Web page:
Thursday, June 7, 2007


My sense of moving into harmony with the Weaver continues as I approach the continental midpoint now. The photo above, of a Navajo weaver working on a rug, was hanging by the door to my room when I woke after sleeping at the Laughing Horse Inn in Taos. Funny I didn't notice that before I went to bed, but I laughed with considerable pleasure to notice it in the morning, feeling my silver necklace on my chest.

And remembering as well that this funny little adobe Inn has been around a very long time. D.H. Lawrence slept here, and many others.

Perhaps some energetic thread of these "great dreamers" still lingers here........when I stop I always seem to have good dreams, or lacking that, syncronicities, which seem very much about "dreaming" anyway. A good place to be, to sleep, to wake up to in the rain.

I love the Navajo words for ceremony, healing, ritual and prayer as a "Way". This is different, in my view, from speaking of a holy practice as a "service" or a "liturgy" or a "gospel". A "way" implies movement, like the course of thought and prayer, a way to walk that moves those participating along a path of increasing harmony and intention. "Way" is a journey, a trail, a pathway, a mindstream. Way is an "open system" kind of word that suggests as well the possibility of many choices.

I want to write soon about some of the legends of the Spider Woman I've been reading and thinking about as I wind, in my little pink car, across the ways of the highways and interstates of this enormous land, but I don't think I can a this time. Today I have a lot of miles to cover, and so I'll have to be brief. As I write, I find myself in a Motel 8 in Kansas, it's hot and very windy, and my mind feels rather dull compared to the high imaginative spaces of Taos, New Mexico, and the awesome beauty of the Rockies. It's a bit hard, I confess, to descend literally into the flat lands, the worthy breadbelt of America, from such elevated places. Ok, I'll say it. This land, although green and pleasant, is so very tamed, on such a "human scale". The fey folk, the kachinas, the devas, the elemental and mythic beings, if still here, are not a presence felt. Not the same experience as the wild sanctity of the mountains, the sense of being but one small note in a great Conversation of Gaia.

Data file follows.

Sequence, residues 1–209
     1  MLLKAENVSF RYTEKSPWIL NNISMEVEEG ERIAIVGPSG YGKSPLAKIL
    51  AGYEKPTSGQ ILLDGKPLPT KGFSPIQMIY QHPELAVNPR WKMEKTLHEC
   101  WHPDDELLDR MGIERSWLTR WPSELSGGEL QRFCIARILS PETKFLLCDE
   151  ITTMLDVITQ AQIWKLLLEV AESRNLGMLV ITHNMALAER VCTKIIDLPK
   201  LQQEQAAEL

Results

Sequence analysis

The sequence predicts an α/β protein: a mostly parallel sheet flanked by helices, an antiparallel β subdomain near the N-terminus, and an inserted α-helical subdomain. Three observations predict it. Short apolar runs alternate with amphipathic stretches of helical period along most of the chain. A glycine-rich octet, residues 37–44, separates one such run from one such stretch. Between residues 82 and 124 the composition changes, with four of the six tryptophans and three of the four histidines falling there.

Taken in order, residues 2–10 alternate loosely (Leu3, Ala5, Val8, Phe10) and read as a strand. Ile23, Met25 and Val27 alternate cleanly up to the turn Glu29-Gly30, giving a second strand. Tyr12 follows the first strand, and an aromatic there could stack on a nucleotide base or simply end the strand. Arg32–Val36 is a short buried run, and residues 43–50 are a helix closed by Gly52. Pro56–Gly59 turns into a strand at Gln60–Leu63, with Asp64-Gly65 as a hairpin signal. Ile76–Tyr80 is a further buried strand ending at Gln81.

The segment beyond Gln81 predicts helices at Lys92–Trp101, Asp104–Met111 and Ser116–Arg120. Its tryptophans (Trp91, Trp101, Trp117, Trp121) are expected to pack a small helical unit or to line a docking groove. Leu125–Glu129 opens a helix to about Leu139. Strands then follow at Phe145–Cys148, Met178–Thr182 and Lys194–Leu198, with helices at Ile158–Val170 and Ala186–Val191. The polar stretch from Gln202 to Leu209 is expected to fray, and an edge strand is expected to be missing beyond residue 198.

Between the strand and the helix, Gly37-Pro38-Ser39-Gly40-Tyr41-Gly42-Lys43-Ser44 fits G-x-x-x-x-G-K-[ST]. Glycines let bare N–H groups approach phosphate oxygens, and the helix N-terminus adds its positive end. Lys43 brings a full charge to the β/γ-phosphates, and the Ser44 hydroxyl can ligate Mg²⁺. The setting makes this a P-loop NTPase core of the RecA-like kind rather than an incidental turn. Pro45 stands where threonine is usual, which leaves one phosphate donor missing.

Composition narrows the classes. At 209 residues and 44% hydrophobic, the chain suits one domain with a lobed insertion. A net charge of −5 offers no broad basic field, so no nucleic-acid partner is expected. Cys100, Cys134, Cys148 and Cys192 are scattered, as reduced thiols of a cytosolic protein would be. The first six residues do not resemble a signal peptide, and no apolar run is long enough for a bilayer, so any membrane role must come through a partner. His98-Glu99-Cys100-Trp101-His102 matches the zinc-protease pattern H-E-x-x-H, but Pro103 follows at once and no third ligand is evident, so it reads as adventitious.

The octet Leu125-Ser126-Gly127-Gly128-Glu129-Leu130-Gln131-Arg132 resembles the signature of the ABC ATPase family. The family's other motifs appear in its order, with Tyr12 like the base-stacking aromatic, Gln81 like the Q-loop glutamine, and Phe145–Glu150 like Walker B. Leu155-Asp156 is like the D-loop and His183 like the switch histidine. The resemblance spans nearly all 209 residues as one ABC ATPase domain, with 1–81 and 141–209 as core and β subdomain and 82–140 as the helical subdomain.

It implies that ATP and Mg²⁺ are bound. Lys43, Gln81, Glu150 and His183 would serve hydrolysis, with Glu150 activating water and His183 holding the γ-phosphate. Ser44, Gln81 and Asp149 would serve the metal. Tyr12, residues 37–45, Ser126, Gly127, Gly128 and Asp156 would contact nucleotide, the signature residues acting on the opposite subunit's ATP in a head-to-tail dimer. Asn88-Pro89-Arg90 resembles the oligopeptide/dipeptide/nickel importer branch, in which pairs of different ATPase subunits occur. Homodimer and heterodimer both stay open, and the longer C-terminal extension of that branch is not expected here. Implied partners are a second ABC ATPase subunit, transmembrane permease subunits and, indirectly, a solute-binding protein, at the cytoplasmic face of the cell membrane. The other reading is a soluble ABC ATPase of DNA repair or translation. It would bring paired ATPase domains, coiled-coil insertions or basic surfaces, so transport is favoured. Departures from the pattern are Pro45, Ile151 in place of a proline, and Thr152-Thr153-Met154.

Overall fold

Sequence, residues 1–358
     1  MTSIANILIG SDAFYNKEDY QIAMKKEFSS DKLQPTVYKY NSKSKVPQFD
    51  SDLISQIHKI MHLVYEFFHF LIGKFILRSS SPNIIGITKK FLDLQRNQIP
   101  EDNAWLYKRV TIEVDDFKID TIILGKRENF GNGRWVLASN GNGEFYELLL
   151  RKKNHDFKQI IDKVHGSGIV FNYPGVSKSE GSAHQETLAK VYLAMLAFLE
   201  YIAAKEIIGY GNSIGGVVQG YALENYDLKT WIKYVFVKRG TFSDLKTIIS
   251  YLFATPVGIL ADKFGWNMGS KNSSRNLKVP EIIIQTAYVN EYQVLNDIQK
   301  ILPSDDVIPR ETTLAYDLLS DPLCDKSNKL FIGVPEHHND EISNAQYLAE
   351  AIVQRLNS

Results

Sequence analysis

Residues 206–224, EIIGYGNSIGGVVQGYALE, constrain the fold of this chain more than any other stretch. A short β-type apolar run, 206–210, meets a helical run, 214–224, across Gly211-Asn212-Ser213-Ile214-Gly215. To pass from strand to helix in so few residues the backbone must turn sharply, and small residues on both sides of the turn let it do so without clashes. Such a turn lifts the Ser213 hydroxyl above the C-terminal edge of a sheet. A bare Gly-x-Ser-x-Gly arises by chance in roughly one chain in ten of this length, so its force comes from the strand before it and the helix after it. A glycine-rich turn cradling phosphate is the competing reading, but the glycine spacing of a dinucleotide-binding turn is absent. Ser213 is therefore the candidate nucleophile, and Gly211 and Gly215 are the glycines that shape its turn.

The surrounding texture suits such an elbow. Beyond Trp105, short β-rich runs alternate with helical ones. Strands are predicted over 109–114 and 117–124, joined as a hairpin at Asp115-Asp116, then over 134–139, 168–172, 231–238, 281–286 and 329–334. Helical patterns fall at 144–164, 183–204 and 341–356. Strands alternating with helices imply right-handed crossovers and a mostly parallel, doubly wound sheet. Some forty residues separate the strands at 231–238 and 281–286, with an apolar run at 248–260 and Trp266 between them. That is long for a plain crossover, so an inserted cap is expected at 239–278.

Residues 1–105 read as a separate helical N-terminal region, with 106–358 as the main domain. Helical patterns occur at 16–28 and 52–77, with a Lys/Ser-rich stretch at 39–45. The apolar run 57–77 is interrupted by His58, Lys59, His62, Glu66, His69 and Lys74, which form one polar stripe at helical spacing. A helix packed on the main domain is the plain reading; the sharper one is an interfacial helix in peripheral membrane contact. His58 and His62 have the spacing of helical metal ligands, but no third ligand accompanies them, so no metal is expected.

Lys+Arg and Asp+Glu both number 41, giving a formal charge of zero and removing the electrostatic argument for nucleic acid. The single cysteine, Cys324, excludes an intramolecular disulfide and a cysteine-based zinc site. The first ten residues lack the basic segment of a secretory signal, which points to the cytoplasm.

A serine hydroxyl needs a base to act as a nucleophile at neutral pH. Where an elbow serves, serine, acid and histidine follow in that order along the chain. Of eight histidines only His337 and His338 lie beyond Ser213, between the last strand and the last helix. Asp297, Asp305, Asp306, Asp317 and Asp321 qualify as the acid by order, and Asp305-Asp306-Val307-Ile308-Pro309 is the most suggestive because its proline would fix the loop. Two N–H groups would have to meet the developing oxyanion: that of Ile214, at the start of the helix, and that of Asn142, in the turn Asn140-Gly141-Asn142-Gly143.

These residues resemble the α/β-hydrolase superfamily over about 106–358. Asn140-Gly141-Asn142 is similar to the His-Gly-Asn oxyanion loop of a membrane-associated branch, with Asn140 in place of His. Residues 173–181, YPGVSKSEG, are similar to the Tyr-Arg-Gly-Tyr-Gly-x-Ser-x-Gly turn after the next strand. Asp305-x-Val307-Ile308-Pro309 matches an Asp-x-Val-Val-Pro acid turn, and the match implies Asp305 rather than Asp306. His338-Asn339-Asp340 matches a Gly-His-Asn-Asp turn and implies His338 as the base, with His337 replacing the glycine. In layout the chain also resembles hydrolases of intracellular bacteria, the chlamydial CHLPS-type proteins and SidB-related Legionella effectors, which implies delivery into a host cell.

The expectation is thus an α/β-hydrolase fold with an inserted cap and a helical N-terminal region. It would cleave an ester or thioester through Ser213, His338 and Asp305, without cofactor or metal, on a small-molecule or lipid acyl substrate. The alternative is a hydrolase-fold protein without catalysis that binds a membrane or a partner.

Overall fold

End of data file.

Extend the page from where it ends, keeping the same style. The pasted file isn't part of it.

I can understand why Georgia O'Keefe and D.H. Lawrence loved Taos. There is a quality of light, an imaginative potency, a refinement of energy there that makes even the birds and the flowers seem more vivid, more alive. In fact, I never saw a magpie, that wonderful black and white trickster bird that reminds me of the Clowns of the Hopi, until I came to Taos. And descending, they all disappeared. Maybe they prefer the heights as well.

I've had the idea of making some paper weavings as backdrops for the masks I plan on making that are woven from papers on which prayers, or stories, or both, are written. Weaving them together into shrines, or even vessels in which stories and prayers yet unwritten or conceived.........can rest as yet invisible threads of future possibility.

You have noticed that everything an Indian does is in a circle, because the Power of the World always works in circles, and everything tries to be round.

----Black Elk

Well, time to hit the road. Wrong choice of words. Time to continue on my Blessing Way, and let the Road Bless Me!


Elle Wilhite said...

I thought how ironic it is that, here you are trying to create this deep work of art, and yet you feel a loss of connectedness, an aloneness. And you are driving, driving, like an insect gliding on the breeze. And yet, when you write of Entanglement Theory, I go, "yes, we are -- theory or no theory --" Just as bodies in a volleyball game collide and contact physically, our consciousness overlaps. In our commingled breaths, the prayers float up from "individuals" and create collective outcry.

I wanted to share a thought in regard to your writing about Blessingway. A friend returned from an advanced breathing workshop in Canada. The guru took them to a new level, and conferred upon them the "power to bless" (Hindu ritual). She said as the workshop went deeper and deeper, the snow fell and fell until finally, it was three feet deep. I've found, in time of deep spiritual connection or even crisis, the weather sometimes goes extreme. It's as if the Mother is pulling the blanket around the baby...

So, Lauren, thank you for this journey you're taking us on. We feel you reaching out. I enjoyed the blogspot. Until I check it again, I wish you connectedness, and that the love in the road may rise to greet you. Take risks!



Inanna said...

I love what you say about Taos; I think you're exactly right. When I visited New Mexico for the first time a couple of years ago, I was so inspired in Santa Fe and Taos - artistically inspired, and I'm not even an artist! I love it there, that heightened feeling. Yes.